Common features shared by loot boxes and slot machines include “random distribution of prizes, variable value of the prizes, near-miss features, plus visual and sound cues associated with participation and reward. These features are well known to trigger urges to play along with increased excitement and faster play.” (Whyte, 2019).

Loot boxes are designed to provide repeated cycles of uncertainty, anticipation and feedback, and the odds are just enough to keep gamers going (similar to feedback loops that regulate human behavior).

It is also important to note technology features distinct to loot boxes (as a contrast to traditional slot machines). Some loot boxes are intentionally developed with manipulative mechanisms (King et al., 2019) to exploit a player’s psychological vulnerabilities and reinforce their need to spend money.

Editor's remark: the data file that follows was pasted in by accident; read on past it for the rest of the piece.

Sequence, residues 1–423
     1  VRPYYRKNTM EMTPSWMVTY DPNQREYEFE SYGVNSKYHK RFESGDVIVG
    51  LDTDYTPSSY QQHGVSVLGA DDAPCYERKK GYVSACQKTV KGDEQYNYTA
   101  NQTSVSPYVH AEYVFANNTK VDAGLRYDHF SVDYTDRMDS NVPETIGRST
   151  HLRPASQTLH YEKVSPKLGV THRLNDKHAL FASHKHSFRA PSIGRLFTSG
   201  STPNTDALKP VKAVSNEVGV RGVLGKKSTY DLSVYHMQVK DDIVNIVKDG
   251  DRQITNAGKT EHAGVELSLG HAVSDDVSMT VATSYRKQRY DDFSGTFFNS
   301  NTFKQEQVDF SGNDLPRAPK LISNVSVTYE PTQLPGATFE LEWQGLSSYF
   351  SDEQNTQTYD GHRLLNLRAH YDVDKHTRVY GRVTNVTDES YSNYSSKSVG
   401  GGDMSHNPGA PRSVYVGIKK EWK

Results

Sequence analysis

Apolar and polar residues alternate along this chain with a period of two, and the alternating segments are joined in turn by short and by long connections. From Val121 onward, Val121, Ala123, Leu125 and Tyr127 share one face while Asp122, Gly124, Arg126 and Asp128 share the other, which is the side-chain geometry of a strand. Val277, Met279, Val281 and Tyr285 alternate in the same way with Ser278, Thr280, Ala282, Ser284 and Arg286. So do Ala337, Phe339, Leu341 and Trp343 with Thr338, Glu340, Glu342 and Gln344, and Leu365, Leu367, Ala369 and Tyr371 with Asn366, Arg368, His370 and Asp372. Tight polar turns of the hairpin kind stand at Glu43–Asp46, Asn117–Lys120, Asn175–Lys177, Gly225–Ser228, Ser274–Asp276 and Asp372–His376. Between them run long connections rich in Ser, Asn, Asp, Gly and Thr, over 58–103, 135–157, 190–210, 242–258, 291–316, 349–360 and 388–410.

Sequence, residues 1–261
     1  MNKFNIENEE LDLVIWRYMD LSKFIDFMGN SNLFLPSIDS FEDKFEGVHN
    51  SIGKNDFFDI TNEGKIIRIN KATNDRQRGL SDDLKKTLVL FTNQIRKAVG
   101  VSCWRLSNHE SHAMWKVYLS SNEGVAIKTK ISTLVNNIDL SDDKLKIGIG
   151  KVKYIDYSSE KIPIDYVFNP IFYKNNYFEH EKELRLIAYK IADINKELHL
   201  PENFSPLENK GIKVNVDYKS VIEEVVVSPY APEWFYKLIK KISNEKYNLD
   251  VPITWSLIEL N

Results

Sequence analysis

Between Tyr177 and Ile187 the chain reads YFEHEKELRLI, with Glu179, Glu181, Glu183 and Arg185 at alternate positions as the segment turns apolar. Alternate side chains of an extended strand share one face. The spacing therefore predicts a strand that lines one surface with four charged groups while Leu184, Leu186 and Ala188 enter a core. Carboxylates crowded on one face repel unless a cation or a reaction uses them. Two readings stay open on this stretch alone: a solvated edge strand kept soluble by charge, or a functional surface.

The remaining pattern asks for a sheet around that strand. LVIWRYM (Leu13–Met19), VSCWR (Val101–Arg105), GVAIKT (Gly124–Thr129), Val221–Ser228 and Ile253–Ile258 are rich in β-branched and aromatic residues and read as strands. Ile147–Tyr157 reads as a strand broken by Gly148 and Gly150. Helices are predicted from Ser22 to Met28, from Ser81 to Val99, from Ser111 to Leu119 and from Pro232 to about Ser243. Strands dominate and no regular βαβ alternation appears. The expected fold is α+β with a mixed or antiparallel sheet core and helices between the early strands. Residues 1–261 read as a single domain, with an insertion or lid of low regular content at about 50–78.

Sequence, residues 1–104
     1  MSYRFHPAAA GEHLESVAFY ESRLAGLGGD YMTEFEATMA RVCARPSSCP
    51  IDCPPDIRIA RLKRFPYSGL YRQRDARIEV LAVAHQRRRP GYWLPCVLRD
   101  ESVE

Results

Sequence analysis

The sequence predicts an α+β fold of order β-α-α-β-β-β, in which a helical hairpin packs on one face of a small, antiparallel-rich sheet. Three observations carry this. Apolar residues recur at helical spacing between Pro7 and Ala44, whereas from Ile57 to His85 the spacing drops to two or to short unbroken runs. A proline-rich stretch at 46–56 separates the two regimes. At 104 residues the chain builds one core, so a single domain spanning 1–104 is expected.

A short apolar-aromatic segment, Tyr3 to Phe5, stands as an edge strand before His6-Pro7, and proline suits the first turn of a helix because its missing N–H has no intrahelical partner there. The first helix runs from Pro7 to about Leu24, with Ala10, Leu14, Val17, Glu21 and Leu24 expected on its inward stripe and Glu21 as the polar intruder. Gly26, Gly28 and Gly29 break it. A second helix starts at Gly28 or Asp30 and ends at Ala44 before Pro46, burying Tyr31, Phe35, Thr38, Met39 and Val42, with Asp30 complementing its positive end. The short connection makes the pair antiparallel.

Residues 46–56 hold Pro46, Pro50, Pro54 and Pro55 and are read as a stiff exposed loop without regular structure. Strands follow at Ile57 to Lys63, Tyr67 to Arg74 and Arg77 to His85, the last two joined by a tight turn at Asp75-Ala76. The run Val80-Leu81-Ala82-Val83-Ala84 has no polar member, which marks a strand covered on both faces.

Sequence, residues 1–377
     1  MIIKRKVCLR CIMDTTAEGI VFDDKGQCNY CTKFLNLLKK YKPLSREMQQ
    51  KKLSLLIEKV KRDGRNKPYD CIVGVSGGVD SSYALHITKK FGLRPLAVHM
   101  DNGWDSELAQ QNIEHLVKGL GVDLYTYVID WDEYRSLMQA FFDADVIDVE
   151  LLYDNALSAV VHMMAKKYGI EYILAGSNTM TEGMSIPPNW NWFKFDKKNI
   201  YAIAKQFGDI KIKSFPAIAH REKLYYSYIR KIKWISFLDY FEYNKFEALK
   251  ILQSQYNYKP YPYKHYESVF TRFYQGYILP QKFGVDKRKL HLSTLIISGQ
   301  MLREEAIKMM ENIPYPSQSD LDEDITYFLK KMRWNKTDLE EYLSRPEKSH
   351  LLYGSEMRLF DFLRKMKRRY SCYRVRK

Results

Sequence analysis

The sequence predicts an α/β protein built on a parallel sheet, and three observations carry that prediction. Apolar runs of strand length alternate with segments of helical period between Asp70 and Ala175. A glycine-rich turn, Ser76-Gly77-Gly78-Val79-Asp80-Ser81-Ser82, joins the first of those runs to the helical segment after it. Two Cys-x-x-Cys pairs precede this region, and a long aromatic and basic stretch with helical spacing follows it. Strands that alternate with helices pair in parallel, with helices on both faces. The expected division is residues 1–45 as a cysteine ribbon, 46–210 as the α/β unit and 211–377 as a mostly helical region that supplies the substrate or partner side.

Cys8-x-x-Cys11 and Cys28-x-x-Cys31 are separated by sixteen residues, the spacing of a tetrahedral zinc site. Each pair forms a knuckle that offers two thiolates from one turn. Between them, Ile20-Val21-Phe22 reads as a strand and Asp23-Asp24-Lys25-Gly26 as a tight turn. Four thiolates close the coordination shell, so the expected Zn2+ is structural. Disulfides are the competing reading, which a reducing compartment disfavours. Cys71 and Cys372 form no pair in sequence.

These strategies involve, for example, searching the company’s player database to identify highly active players and then developing monetized in-game content tailored specifically to those players’ unique interests and preferences (e.g. game items that match the color of their favorite sports team). These idiosyncratic preferences are gathered in various ways, including using information gathered from players’ linked social network pages (Hodapp, 2015).

Another example is from the games company, Yodo1, whereby the company developed an artificial intelligence algorithm to predict, identify and hunt down “whales” – individual gamers who will spend thousands of dollars on a single platform. Their CEO stated “the accuracy at picking potential whales after 14 days was about 87%”. (Handrahan, 2019).

How are loot boxes linked to gambling?

Loot boxes are a persuasive example of how the gaming industry has focused on identifying player motivations and idiosyncratic preferences and then leveraged them into innovative monetization schemes, including those that pose a risk for those vulnerable to gambling-like behavior.